Give samples and sneak peeks for what customers and followers can expect in the future. Also, make sure to take full advantage of your artist bio on each platform.
The Best Social Media Platforms for Artists
There are hundreds of different social media platforms available for everyone to use. What makes social media even more special is that each platform caters to users with a similar interest. Here are the four best social media platforms for artists:
- Instagram: an easy-to-use social media platform owned by Facebook. You can upload photos and videos, as well as go live. Use trending hashtags to help you get discovered.
- DeviantArt: has been around for over twenty years and is commonly used for digital art, paintings, sculptures, and videos.
- Behance: is wonderful if you would like to get discovered by companies. Upload your work to show off your skills to hopefully end up in an art gallery or hired by a company.
- TikTok: has been gaining popularity in the last few years with videos. Any type of artist, including choreographers and musicians, should put their work on TikTok to help promote themselves.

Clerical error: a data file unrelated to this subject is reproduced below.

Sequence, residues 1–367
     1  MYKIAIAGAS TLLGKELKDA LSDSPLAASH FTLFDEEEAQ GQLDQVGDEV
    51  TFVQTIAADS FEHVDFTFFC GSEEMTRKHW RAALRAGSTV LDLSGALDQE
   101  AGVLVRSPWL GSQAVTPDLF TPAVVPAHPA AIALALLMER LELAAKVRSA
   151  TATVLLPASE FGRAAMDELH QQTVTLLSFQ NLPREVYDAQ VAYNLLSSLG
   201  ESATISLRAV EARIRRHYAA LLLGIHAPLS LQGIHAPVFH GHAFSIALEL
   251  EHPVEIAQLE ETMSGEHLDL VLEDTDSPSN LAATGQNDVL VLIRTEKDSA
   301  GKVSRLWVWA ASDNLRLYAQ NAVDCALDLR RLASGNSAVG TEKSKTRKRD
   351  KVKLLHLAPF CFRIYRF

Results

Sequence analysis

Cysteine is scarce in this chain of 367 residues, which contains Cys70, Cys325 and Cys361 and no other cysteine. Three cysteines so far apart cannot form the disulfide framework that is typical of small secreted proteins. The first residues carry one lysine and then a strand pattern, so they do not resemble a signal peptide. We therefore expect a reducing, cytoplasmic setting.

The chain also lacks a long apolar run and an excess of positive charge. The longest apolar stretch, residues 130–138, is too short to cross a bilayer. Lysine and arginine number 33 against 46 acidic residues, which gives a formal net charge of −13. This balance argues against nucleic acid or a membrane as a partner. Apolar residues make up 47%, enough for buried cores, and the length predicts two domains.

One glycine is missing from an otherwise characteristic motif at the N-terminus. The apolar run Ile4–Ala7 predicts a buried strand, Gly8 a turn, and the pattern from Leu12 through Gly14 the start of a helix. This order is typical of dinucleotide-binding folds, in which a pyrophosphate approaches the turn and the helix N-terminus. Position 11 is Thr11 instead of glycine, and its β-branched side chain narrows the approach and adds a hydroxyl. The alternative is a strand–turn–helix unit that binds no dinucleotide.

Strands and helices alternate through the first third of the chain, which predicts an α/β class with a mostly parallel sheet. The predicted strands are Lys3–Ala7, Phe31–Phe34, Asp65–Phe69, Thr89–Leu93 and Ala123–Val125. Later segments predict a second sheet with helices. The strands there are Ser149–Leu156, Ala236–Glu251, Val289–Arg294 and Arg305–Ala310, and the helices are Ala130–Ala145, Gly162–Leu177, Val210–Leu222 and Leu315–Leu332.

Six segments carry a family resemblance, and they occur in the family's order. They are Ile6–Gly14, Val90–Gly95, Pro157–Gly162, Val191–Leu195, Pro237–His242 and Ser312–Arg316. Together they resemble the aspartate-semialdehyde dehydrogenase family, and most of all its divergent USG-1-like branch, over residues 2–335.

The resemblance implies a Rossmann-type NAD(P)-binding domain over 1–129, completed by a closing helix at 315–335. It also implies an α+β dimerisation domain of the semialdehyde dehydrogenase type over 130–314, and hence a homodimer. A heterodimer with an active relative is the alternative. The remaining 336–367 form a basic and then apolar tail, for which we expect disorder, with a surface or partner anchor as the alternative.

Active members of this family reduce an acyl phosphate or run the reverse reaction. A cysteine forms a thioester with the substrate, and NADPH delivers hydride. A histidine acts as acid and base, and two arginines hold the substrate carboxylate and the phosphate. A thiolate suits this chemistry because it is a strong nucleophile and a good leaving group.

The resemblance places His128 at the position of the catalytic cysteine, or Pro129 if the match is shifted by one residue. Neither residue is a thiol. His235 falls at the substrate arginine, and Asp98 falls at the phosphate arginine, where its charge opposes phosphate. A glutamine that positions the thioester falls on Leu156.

Other Career Opportunities for Artists
If creating and selling your artwork independently isn’t working for you at the moment and you are struggling to get by, consider putting selling your work on the backburner for a bit. There are many different career opportunities available to artists regardless of medium. Even if you’re not selling art in galleries or making albums, you can still be considered an artist.
Some career paths will require extra training or some schooling, but in the end, you may discover that if you are a sculptor, you may enjoy cake decorating or chocolate sculpting even more! Which is another thing to consider if you’re struggling to sell your work. So rather than changing your career, maybe it’s time to try a different medium.
Some excellent fields artists enter are:
- Culinary and confectionary arts
- Art appraisals and working in a gallery
- Art and music therapy
- Video game design and animation
Ultimately, the decision is the artist’s, whether or not they want to use social media. It just depends on what the artist is comfortable with and how they want to be known. Most artists will dabble with social media, and while some enjoy sharing and selling their artwork online, others find it overwhelming and don’t want to have anything to do with it.
The fact is, you can be a successful artist without social media. Instead, you’ll want to use one of the non-social media marketing methods mentioned above to market yourself and your artwork to your fans.